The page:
Laparoscopy is a visual exam of the soft parts of the body between the rib margins and the hips. It is often done to explore the body and help diagnose certain conditions.
Getting Ready for Surgery
You may take a bowel prep to prepare for surgery. We will discuss the details with you.
Expect some pain and bruising at the incisions.
Your abdomen may be swollen for a few days.
You may be tired and have muscle aches for a day or two.
You may have mild nausea for a day or two.
It is normal for incisions to be slightly puffy, numb, pink, and have a small amount of clear, light pink drainage.
Expect the incisions to heal within 2 weeks.
Keep incisions dry and covered for 48 hours (2 days) after surgery. Then, you may shower and wash them with mild soap and water and pat dry. Do not soak in the bathtub, hot tub, or swim until they are healed.
You do not have to wear a dressing unless wounds are in a skin fold, your clothes rub on them, or they are draining. If you wear a dressing, change it at least once a day and more often if it gets wet.
Do not drive for the first 24 hours or if you are taking opioid pain pills.
It is okay to resume your normal routine after 24 hours.
Do not lift more than 10 – 15 pounds.
Ask your doctor when you may resume sex.
Avoid all tobacco and second hand smoke.
It is normal to have some pain. You may be taking opioid pain medicine to help improve your comfort. Opioids are a stronger pain medicine than what you can buy over-the-counter. You should only take them when you are in moderate to severe pain. Not everyone’s pain response requires opioids for comfort. Most people will only need to take an over the counter medicine such as acetaminophen (Tylenol®). You may have aching in your neck and shoulders from the gas put into your abdomen. Using a heating pad to this area and/or walking may help relieve this pain better than medicines.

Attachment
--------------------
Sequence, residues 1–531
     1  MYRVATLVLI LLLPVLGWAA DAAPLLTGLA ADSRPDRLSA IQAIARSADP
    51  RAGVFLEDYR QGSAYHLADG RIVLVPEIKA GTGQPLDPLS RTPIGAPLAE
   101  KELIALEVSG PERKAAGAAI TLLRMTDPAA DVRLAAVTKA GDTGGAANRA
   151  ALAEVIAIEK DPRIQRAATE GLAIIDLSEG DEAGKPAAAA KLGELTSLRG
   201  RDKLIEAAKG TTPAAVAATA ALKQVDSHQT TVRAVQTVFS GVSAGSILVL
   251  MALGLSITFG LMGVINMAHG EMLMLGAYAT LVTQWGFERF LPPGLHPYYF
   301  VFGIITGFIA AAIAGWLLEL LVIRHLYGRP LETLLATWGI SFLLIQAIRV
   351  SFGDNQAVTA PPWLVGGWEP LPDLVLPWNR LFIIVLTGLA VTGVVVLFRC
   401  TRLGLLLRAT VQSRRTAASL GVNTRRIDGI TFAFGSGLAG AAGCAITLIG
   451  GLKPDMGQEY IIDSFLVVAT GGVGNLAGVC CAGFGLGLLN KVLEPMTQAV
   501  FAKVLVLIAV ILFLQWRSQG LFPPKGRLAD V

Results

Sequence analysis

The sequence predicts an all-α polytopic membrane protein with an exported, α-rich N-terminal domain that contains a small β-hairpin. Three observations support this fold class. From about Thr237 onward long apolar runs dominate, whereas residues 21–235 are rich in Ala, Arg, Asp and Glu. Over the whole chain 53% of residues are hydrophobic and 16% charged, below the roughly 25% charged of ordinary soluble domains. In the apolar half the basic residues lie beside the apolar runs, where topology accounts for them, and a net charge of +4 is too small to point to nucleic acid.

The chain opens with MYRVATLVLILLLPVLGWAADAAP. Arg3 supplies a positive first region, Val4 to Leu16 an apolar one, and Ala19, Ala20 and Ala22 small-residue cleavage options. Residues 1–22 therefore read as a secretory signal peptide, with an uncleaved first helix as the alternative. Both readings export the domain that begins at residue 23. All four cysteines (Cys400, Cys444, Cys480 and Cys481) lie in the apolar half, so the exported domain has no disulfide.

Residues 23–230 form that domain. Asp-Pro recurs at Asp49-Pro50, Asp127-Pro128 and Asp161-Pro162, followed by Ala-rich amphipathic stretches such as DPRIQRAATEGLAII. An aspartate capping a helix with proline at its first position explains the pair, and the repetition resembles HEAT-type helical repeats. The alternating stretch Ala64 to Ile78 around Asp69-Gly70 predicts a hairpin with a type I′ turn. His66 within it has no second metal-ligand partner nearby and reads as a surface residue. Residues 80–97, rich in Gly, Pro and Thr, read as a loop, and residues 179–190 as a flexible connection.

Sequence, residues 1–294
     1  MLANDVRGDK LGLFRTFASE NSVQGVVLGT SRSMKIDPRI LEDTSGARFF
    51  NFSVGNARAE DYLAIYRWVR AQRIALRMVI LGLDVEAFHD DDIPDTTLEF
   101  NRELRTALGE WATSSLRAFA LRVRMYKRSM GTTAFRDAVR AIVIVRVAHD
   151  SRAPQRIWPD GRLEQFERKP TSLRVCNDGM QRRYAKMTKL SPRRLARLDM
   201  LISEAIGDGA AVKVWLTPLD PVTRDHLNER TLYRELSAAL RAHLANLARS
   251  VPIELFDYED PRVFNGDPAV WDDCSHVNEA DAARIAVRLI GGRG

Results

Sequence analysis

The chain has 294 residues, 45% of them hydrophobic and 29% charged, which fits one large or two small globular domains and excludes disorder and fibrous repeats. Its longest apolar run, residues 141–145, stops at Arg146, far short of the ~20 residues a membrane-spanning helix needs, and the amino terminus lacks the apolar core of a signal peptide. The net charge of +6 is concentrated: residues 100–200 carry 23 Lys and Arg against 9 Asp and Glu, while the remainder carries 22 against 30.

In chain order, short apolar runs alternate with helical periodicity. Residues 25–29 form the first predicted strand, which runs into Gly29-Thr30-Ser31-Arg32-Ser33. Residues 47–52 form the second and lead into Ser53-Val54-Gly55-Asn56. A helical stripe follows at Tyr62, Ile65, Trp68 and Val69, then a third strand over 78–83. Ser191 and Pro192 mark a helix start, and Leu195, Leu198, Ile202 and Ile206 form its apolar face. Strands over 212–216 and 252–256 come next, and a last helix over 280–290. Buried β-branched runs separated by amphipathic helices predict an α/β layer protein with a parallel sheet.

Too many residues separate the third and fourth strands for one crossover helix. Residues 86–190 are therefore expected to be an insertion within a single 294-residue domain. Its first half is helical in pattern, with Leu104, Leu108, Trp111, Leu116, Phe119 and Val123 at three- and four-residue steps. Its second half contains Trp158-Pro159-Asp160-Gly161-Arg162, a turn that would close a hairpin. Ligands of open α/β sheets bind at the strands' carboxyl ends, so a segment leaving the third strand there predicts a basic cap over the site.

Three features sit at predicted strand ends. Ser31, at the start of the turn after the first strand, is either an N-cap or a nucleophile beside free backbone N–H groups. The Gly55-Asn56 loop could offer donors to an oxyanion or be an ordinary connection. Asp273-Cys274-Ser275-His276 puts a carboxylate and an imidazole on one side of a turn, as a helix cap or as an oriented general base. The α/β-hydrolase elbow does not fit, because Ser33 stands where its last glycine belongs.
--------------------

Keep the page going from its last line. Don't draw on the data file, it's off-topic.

You will usually start eating clear liquids (Jell-O, juice, broth) after surgery. As your bowel function starts to return you will be able to eat a regular diet. When you start eating, go slowly and only eat what feels and tastes good. If you begin to feel sick to your stomach or full, you should stop eating.
A diet high in fluid and fiber can help prevent constipation. Be sure to drink 6-8 glasses of liquids each day. You may want to use a stool softener, docusate sodium (Colace®) and/or a bulk fiber laxative to prevent problems while you are taking pain pills and until you have your first bowel movement.
When to Call
Nausea or vomiting for more than 24 hours.
Check daily for signs of infection:
Increased redness or warmth of incisions.
Increased bloody or pus-like drainage.
Excess swelling or bleeding.
Fever (by mouth) above 100.4 ° F for 2 readings, taken 4 hours apart.
Pain not controlled by pain pills.
If you have not had a bowel movement in 2-3 days, you may need a laxative.
Who to Call
Surgery Clinic: (608) 263-7502. This is a 24-hour number.
After hours, weekends and holidays ask for the doctor on call for Dr. ______________________________. Leave your name and phone number with the area code. The doctor will call you back.
The toll-free number is: 1-800-323-8942
If you are a patient receiving care at UnityPoint – Meriter, Swedish American or a health system outside of UW Health, please use the phone numbers provided in your discharge instructions for any questions or concerns.